Thu, Jan 10, 2019 - Page 10 News List

US start-up eyes next generation of burgers with relish

AFP, LAS VEGAS

Can a “high-tech” burger help save the planet?

In one sense, it is just a patty made from plant protein, but the founders of California-based Impossible Foods Inc say the product could have a big effect by reducing the amount of land needed for beef and other livestock production.

Impossible Foods, which began in 2011, chose the Consumer Electronics Show (CES) in Las Vegas to launch its “next generation” burger — version 2.0 — which has no gluten, hormones or antibiotics, and is kosher and halal-certified.

With a handful of restaurateurs and chefs on hand, the company on Monday said that it has 5,000 restaurants serving its product as it prepares to begin selling in supermarkets.

Impossible Foods also brought a food truck to the large tech show to serve more than 12,000 samples of the burger to CES attendees.

The decision to appear at CES was logical, because the company is based on technology, said chief executive officer Pat Brown, a Stanford biochemistry professor and former pediatrician.

“To most consumers the face of the company is a food company, but the soul of the company is really R&D [research and development] and technology,” he said ahead of a news conference at the Las Vegas tech extravaganza.

“What distinguishes us is we are developing a new technology platform that will transform the global food system,” Brown said.

The company, which has raised about US$400 million, including from Microsoft Corp founder Bill Gates, was launched to develop a plant-based product that simulates the taste and feel of beef.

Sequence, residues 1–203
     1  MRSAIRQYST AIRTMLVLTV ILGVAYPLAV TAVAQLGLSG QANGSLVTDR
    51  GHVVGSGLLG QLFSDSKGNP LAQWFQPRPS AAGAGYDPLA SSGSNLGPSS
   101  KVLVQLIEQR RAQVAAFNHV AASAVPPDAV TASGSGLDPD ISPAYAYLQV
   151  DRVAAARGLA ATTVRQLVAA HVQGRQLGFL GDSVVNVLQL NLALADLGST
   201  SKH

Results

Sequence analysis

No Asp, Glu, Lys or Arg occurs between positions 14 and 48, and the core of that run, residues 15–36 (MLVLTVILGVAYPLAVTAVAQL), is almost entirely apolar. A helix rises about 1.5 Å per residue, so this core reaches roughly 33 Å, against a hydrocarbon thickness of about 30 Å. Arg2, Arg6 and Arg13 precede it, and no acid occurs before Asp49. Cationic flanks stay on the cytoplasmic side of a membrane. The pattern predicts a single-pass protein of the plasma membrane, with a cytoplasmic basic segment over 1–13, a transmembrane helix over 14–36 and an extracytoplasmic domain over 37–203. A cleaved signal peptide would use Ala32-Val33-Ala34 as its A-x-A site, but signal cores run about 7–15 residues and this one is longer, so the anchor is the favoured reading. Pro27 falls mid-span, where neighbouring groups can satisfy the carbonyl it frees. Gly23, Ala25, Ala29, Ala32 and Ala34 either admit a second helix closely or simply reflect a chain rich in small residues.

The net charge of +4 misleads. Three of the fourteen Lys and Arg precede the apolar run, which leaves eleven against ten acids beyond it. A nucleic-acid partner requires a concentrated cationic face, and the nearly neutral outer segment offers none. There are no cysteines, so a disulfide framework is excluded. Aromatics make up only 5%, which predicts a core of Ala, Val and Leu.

It uses wheat protein, potato protein, coconut oil and its “special ingredient” called heme, which has elements of the hemoglobin in animal protein, but is developed from soy.

Impossible Foods is among a handful of firms, including California rival Beyond Meat, developing plant-based or lab-grown meat substitutes that claim to offer products equal to or better than animal products.

The Impossible Burger is served in several restaurant chains, as well as the fast-food group White Castle, and is eyeing global expansion with restaurants in Hong Kong and Macau.

The company plans to launch the new recipe in Singapore within several months, with additional markets to come.

“We’re doing some early work preparing for [global] expansion,” Brown said.

Brown said that developing new kinds of protein is crucial for the environment when large areas of land — some estimates suggest 40 percent or more of global land area — are devoted to livestock.

Impossible Foods is “barely getting started” and hopes to be able to scale up to produce large quantities.

“Apple started with one hand-built computer,” he said. “You have to start somewhere.”

He added that technology and research would also help further improve the product.

“Unlike the cow, we are going to be getting better every single day,” he said.

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